When travelers think “Inca,” their minds immediately rush to images of Machu Picchu, the iconic ancient archaeological complex isolated amongst the Andean peaks. However, there are many important Inca ruins complexes nearby Cusco that are worth visiting to get a complete picture of the great society that once ruled the area. Perhaps the most impressive collection of these relics of the ancient empire is the complex of Sacsayhuaman ruins, which sits atop a hill overlooking the Inca’s former capital city.
Sacsayhuaman Ruins – Pronounced ‘Sexywoman’
The name “Sacsayhuaman” (or the many spelling variations of the name, including Saksaywaman, Sacsahuaman, and Saxahuaman, amongst others) can be a mouthful for visitors unfamiliar with the Quechuan tongue, but it is pronounced like “sexy woman,” which expert guides in Peru will joke about to no end. There are various interpretations about the tonguetwisiting title, the prevailing one relating to the belief that Cusco’s zigzag shape was evokes a puma, and its speckled head was the hill of “Sacsa Uma.”
Visiting Sacsayhuaman Ruins
Sacsayhuaman ruins make for a fantastic half-day trip from Cusco city centre. The ruins are easily reached, with a short drive from the city centre. The ruins can be combined with a visit to other, smaller nearby ruins, or as a standalone visit in itself. Located outside the city centre and up a hill, the views back over the city are spectacular from this historic site, and make it undoubtedtly one of the best things to do in Cusco.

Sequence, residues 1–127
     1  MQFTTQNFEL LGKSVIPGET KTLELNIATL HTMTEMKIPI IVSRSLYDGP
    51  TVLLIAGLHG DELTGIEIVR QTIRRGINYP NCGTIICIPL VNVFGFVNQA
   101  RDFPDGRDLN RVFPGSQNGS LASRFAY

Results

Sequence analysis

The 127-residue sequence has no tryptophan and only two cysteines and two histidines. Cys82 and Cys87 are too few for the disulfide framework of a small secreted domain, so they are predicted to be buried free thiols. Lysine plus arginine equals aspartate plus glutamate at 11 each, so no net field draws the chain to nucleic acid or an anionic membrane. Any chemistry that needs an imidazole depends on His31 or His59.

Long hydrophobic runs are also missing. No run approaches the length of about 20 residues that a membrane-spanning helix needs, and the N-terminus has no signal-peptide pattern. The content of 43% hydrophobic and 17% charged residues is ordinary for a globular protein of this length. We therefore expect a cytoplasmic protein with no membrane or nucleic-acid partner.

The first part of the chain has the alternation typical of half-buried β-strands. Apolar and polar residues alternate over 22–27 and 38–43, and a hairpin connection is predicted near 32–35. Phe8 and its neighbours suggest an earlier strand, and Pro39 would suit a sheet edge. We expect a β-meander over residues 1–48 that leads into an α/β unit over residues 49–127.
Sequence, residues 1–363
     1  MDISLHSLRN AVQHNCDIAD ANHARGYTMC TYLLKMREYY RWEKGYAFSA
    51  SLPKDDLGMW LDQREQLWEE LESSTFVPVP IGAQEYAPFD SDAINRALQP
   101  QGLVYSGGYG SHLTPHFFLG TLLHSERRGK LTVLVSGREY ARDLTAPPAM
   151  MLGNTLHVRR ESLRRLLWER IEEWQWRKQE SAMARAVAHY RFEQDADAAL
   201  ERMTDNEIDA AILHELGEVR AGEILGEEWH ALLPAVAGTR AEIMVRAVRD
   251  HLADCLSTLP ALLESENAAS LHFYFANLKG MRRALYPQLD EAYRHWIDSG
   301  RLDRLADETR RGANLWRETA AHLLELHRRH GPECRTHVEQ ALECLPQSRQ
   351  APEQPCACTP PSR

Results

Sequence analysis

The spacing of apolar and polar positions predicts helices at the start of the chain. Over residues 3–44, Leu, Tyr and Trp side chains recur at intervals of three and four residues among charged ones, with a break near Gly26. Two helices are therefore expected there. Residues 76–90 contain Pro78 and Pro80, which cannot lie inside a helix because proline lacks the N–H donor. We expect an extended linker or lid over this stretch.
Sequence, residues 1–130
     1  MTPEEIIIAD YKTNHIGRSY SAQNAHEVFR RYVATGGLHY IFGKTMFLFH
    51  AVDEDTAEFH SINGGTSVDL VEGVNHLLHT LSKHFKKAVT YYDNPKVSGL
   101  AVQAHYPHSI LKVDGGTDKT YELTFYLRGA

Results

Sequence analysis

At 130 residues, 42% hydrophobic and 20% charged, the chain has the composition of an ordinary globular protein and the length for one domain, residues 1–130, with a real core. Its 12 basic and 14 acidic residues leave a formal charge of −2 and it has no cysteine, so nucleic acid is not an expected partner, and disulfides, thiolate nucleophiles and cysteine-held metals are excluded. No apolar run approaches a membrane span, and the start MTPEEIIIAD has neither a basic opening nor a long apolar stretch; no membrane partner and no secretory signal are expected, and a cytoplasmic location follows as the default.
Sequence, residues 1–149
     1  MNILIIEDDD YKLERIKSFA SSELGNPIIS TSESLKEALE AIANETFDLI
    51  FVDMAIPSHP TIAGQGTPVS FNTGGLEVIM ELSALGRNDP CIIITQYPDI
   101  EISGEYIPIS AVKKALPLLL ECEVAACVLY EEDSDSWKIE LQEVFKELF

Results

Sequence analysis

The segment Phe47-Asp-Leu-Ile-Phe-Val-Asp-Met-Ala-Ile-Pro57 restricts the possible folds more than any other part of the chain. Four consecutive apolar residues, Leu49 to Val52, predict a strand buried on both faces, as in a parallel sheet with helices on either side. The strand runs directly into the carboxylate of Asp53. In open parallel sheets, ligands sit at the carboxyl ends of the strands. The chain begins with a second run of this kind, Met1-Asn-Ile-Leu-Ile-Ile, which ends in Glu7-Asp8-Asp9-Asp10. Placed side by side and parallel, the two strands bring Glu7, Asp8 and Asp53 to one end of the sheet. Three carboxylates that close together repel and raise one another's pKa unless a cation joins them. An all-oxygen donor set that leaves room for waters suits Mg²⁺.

About Sacsayhuaman Ruins
Although the origins of Sacsayhuaman ruins are uncertain, most academics agree that Sacsayhuamán was an important military or ceremonial site at the time of the Incas. The ruins date back to the time of Pachacutec, the Inca ruler who brought the Inca Empire to its climax around AD 1200. The most remarkable characteristic of the site is its megalithic architecture, with the largest stones standing 8.5 meters (28 feet) and weighing 330,000 kilograms (361 tons).
Sacsayhuamán ruins once had three fabulous towers and a labyrinth of rooms large enough to garrison 5,000 Inca soldiers. If it were military in function, this fortress likely served as the focus of the Great Rebellion led by Manco Inca against the Spanish in 1536, where the Incas besieged Cusco for 10 months. Historians say if Manco Inca had been able to defeat the Spanish here, he may have saved the Empire, but no matter how valiantly his troops fought, the Spanish wrestled back control of the fort, Cusco, and, ultimately, all of Peru.
Archaeologists estimate that tens of thousands of workers spent seven decades building this massive structure, hauling the immense stone blocks that make up its double outside walls and erecting the near indestructible buildings that transformed the complex into one of the most wondrous in all the empire. Although the outer walls are mostly intact, the buildings in the complex were destroyed to provide building stones for many of the structures in Cusco. Still, you can see the so-called Inca’s Throne from which parading troops were allegedly surveyed. Take a moment to stand on the sumptuous stones and look out upon the cityscape, imagining yourself as a great Inca ruler surveying his kingdom. The legacy of Sacsayhuamán ruins lives on in the feeling it instills.